White Lightning Axiom: Redux: Regional biofuels as the new crop of choice?

Friday, August 12, 2005


Regional biofuels as the new crop of choice?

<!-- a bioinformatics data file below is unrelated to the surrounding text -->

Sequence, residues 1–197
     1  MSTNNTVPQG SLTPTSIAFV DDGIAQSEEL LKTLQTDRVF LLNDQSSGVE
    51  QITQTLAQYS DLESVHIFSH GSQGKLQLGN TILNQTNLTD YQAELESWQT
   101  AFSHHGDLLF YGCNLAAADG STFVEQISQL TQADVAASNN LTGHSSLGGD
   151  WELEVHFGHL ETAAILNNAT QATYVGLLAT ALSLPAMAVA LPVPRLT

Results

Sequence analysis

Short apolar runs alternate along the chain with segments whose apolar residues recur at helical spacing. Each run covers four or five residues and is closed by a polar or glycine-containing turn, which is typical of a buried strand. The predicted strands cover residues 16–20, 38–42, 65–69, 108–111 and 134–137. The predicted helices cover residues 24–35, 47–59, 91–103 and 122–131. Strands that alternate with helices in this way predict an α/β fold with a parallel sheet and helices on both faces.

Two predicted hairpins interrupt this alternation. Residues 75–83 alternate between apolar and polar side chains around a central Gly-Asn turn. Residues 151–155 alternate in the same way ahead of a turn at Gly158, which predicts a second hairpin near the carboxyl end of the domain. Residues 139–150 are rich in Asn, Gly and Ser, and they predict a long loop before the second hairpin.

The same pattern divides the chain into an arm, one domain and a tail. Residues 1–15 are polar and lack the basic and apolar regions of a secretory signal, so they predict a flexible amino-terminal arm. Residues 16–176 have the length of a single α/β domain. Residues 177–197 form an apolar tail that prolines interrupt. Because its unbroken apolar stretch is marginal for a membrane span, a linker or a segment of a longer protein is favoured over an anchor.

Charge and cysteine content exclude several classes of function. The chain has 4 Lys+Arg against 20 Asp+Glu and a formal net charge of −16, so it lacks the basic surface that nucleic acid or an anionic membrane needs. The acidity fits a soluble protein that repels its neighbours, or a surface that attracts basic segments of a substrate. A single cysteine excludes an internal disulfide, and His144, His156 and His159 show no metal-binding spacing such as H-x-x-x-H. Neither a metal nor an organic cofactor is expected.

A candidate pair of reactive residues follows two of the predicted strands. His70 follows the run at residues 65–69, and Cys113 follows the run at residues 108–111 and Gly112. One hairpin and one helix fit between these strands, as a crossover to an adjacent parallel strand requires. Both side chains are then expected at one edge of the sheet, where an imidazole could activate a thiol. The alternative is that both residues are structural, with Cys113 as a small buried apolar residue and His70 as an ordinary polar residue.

Well, it's looking like the energy bill bucket filled with cash and subsidies has made people look at bio-fuel as a potentially viable market. This is old news out in the mid-west where even my grandfather used blended fuel in his tractors. Finally, now that our innovators and enterprising souls can 'see the money', alternative fuels are starting to emerge here on the Front Porch of America:Heh, being one of the fattest cities in the US is starting to finally pay off. Say, I wonder if you could make bio-fuel from liposuction waste!? California could really do well in that market.Well, you could try to require all carmakers to do this, but I'm thinking that GM won't be around to see that legislation. Now if we could just bring back the option of having diesel engines in our cars ... but nooo, they smell bad. Let the cry-baby simpering begin.Hmmm, fermenting sugars from plants ... like, say SUGAR CANE or SUGAR BEETS!? Nope, the Sugar Program makes sure that this is absurdly expensive.Okay, those last two statements would likely benefit from some clarification. Biodiesel costs more because there is no subsidy. Ethanol (E85) costs less because there IS a subsidy. Ethanol would cost less if there was NO subsidy on soy/corn and NO Sugar Program. In the end, you need to heat the mash (read: cook with gas) to create ethanol, you do not need to do that to make biodiesel. We won't even talk about the soy-blight that is starting to creep across our agricultural belt right now.Well, it looks like unhealthy eating is our best choice for a cheap liquid fuel source for vehicles and heating. To that I say, eat more fatty foods, super size me and pass the artery stints. Wouldn't it be a hoot if good old American Opulence was the key for energy independence?Yeah, no kidding. Plop 100 more nuclear power plants next to cities that use the most energy and people might get the idea that energy conservation was not just an quaint academic postulation.


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